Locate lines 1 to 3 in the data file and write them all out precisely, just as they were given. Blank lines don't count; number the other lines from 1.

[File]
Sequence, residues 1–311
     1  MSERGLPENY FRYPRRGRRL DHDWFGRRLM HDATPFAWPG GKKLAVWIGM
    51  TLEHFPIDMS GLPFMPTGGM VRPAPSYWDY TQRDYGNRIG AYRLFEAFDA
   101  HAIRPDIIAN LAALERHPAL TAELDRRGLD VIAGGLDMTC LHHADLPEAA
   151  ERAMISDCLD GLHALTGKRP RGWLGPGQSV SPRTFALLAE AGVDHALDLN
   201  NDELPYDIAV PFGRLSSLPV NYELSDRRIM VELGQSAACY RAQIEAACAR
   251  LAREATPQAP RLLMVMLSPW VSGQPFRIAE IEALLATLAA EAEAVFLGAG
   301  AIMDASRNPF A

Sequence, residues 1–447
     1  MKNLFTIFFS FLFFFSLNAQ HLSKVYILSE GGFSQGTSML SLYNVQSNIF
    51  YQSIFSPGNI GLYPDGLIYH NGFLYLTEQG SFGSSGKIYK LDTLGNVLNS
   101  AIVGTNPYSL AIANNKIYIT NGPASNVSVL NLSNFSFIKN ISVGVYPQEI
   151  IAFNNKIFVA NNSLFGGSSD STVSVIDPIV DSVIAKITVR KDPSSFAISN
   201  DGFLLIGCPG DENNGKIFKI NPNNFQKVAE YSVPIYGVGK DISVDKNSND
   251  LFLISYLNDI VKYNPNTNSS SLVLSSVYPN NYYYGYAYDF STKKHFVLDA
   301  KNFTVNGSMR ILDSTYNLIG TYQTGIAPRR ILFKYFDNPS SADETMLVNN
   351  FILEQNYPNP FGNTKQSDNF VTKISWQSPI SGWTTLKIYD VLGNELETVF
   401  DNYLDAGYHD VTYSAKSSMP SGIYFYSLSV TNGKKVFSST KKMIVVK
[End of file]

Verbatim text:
Sequence, residues 1–311
     1  MSERGLPENY FRYPRRGRRL DHDWFGRRLM HDATPFAWPG GKKLAVWIGM
    51  TLEHFPIDMS GLPFMPTGGM VRPAPSYWDY TQRDYGNRIG AYRLFEAFDA